+44 (0)1509 263171
Please use this identifier to cite or link to this item:
|Title: ||Outcomes of students’ participation in university based courses|
|Authors: ||Williams, P. John|
|Issue Date: ||2008|
|Publisher: ||© The Design and Technology Association|
|Citation: ||WILLIAMS, P.J., 2008. Outcomes of students’ participation in university based courses. IN: Norman, E.W.L. and Spendlove, D. (eds.). The Design and Technology Association International Research Conference, [Loughborough University, 2-4 July]. Wellesbourne : The Design and Technology Association|
|Abstract: ||This research measured qualitative and quantitative outcomes
for students involved in a university based Engineering course
of study. Ten Year 11 students studied with third year design
and technology teacher trainees who engaged in the course
through planning and content delivery, and worked with the
students on a robotics design project.
The research documented the procedures followed in the
project, and the qualitative and quantitative outcomes for
students from both the high school and the university.
The hypothesis which underpins this research is that this
project is advantageous to both high school students in terms
• the development of their engineering knowledge,
• achievement of outcomes, and
• career awareness;
and university students in terms of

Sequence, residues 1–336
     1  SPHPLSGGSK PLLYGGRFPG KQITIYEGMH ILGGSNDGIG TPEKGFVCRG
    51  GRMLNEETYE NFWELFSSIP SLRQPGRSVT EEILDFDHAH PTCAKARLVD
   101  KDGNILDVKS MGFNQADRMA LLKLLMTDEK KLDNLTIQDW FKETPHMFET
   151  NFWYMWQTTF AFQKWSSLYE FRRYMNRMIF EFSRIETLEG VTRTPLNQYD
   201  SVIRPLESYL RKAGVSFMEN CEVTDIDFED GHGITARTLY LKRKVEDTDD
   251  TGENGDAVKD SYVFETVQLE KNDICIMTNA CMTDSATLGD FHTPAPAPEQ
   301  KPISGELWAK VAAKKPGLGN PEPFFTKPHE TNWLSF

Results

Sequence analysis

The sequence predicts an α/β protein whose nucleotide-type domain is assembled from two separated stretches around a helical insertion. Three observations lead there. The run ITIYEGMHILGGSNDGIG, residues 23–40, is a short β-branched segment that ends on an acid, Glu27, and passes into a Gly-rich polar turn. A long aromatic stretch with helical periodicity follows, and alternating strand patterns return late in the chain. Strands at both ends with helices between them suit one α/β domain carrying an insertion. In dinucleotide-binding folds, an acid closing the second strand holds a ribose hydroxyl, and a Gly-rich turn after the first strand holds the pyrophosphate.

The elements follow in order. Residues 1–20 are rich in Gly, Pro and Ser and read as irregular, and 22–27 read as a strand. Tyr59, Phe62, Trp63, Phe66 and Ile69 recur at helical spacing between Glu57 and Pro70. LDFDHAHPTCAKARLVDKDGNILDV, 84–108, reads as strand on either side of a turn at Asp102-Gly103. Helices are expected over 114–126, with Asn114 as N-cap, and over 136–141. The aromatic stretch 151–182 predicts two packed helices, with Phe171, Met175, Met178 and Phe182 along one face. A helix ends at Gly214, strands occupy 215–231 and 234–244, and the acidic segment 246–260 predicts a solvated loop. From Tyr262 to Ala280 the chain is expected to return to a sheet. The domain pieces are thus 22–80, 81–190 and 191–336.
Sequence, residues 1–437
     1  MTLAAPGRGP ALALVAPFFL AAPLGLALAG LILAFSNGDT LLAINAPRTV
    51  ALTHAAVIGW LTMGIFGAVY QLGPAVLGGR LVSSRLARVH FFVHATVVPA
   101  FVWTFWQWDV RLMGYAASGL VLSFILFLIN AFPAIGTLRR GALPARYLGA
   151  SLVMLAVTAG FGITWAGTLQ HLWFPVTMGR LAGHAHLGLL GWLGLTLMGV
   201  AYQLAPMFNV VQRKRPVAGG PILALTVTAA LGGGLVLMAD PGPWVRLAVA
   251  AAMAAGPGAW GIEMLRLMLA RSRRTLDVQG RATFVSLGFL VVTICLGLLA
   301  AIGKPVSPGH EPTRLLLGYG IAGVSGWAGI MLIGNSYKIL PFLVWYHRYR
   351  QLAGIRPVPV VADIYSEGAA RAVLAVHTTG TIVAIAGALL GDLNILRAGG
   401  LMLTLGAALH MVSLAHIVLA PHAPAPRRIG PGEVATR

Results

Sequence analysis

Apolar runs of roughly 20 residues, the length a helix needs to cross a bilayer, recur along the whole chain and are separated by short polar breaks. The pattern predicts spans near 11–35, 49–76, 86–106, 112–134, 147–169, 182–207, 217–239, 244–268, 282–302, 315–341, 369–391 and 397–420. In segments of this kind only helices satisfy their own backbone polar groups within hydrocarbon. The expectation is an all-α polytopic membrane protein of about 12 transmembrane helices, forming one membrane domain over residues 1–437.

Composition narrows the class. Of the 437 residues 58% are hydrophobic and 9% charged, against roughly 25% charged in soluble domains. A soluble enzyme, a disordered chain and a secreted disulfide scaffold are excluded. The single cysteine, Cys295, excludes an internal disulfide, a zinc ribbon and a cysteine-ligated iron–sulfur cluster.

• preparation and delivery of theoretical knowledge,
• curriculum understanding,
• student management, and
• pedagogical technique development.
The research questions that were considered in the project
a. What are the advantages to high school students of
participating in a university based course?
b. What are the advantages to teacher trainees of
working with high school students in the delivery of a
unit of study?
c. What are the impediments to the provision of
integrated educational activity between a university and
The following methods were used to collect the data:
• University student focus group.
• High school student focus group.
• Student records.
• Pre and post treatment surveys
The following data was collected:
• High school student levels of achievement before and
• University and high school studens’ evaluations before
and after the treatment.
• University students unit grades and course averages.|
|Description: ||This is a conference paper|
|Appears in Collections:||D&T Association Conference Series|
Files associated with this item:
Items in DSpace are protected by copyright, with all rights reserved, unless otherwise indicated.